The next three weeks I will be in the Testing Mountains where I must slay nine giants before descending into the valley where I may frolic among cypresses and libraries and movie nights with friends.
Ten giants, actually. I have returned.
Once upon a time, there was a young mage-knight named EAL, who journeyed into the mountains. She carried with her a bottle of water, reams of scratch paper, a TI-84 Plus graphing calculator, pens, and No. 2 pencils. Many of her friends ascended the mountain with her, but they all took slightly different paths.
Our Heroine's trail took her through three finals, two SAT subject tests, and five AP tests. None of these giants were as horrible as she thought they would be, though she confesses to having developed a distinct dislike toward the College Board which doesn't have enough honor to admit to being a profitable organization. Capitalism is good. Lying is not.
But it was not all bad in the mountains. There were concerts, featuring lovely songs:
And there were books to read, including the wonderful amazing book The Chosen, by Chaim Potok (raved about here) and The Joy of Mathematics, by Theoni Pappas, featuring fun problems. Miss Marple (Agatha Christie) was paranoia-inducing and splendid.
Our Heroine did lose at least two nights of sleep worrying about band staff elections, which take place next week, but she is feeling a little better now. Until election day, of course. Eep.
What did Our Heroine learn in her travels through the mountains?
/end third person mode
I have not felt like myself, this past year. Remember how a while back I had all those posts about identity? I don't feel that too much came out of that, because creating an identity is - or so I believe - primarily a subtractive process. Incidentally, we had an FRQ (free response question) about this on the English test:
For centuries, prominent thinkers have pondered the relationship between ownership and the development of self (identity), ultimately asking the question, “What does it mean to own something?”
Plato argues that owning objects is detrimental to a person’s character. Aristotle claims that ownership of tangible goods helps to develop moral character. Twentieth-century philosopher Jean-Paul Sartre proposes that ownership extends beyond objects to include intangible things as well. In Sartre’s view, becoming proficient in some skill and knowing something thoroughly means that we “own” it.
Think about the differing views of ownership. Then write an essay in which you explain your position on the relationship between ownership and sense of self. Use appropriate evidence from your reading, experience, or observations to support your argument.
I realized that my year of being sixteen is soon coming to an end and I don't feel as though I've learned anything about myself. I am no happier, no more tranquil, a little more confident, but still in the process of breaking the smiling mirror. I realized that I have become complacent, despite repeatedly telling myself to fear complacency.
So what do you do?
I thought about the prompt. I thought about Thoreau. I thought - I have way too much stuff. Not just physical stuff, but also too much stuff going on, too many input sources that I feel a need to check up on. During my three weeks away, I logged out of feedly and goodreads and all such things, and I realized that I didn't miss any of the sites that I used to read devotedly. Habit is a snare, and I'd got out of it through luck.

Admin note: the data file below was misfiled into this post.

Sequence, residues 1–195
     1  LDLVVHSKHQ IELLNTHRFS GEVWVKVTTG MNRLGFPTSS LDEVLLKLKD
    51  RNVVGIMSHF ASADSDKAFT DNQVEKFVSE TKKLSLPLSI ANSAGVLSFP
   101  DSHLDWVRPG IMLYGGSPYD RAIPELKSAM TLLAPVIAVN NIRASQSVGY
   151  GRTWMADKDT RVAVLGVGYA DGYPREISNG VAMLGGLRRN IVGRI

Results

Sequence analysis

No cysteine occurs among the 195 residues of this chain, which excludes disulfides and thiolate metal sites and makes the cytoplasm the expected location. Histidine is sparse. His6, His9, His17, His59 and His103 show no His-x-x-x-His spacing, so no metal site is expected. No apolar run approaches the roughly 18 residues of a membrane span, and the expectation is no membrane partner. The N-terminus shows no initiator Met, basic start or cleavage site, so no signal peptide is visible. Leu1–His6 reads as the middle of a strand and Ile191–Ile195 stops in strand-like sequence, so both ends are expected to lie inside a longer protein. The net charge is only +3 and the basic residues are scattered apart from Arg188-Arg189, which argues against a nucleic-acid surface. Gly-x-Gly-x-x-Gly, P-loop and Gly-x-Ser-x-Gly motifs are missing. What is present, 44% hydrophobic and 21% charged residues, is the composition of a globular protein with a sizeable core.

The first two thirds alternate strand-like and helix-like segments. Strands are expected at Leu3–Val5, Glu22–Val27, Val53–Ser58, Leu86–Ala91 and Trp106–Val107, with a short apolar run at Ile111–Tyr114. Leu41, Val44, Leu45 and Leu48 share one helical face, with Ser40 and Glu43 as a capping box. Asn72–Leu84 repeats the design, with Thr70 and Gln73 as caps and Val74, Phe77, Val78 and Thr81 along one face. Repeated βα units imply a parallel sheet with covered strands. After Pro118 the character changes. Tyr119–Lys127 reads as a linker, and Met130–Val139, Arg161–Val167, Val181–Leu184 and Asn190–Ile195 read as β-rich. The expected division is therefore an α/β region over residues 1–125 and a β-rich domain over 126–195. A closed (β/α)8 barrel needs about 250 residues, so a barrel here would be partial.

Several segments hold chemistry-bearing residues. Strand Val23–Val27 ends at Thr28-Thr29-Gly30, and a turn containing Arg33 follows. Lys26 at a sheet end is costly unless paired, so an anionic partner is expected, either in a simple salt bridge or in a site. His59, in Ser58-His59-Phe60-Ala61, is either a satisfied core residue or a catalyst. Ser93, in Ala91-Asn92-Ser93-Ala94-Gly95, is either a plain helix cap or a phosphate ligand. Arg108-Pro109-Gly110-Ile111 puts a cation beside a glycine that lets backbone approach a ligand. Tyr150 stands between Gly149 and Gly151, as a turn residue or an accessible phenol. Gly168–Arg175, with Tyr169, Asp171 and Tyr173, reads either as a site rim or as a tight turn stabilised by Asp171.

So what do you do?
When I got back yesterday from the mountains, I unfollowed all but a handful of my input sources across all platforms, keeping only those that I actually looked forward to reading, that I saved for last when there were multiple posts aggregated. There were a lot of blogs that I'd followed because I was afraid of missing something, or they'd been really good in the past, or they had pretty pictures. They have now been jettisoned.
A lot of the blogs I had been holding on to for no good reason were ones in which the author of the blog had a definite, concrete personal aesthetic. Even if that aesthetic didn't match mine at all I followed because - because why? I'm not the kind of girl who wears cute vintage frocks. I don't like the pre-Raphaelites very much, either, and I don't wear jewelry, and...
I have a lot of respect for the mythic arts community: Terri Windling, Ellen Kushner, Grace Nuth, &c. But as I said above, I don't particularly like the pre-Raphaelites, nor Victoriana. I have no sympathy for medieval nostalgia, I am pro-STEM, and I am an angry iconoclastic teenager, which explains 80% of everything I do. I unfollowed a lot of people of this ilk, modern-day Romanticists, because without conflict there is no progress and I want to discover what I have to say.
The elves, the ethereal fae, the Green Men, the dreamy-eyed women with long long hair who might have stepped out of trees - all these have left. I have bid them, cordially, goodbye. Theodora Goss is my hero (and I'm still following her blog) but her brand of magical women is not mine. The art that community creates is, I feel, green. Not green as in novice (I am the novice here), but literally, green. Green and silver, probably with red hair.
Justine Musk (whom I am no longer following) says
Every journey starts with the realization that here is a place you can no longer stay.
Also: I think it is about time this blog started living up to its title. Assembling Imaginations.
Here is the game plan:
-expose myself to a lot of different art
-select what resonates (integer harmonics!) and share it here
-in doing so, build who/what I am as a creator, as a reaper and rejoicer
Back to the mountains I go. Care to join me?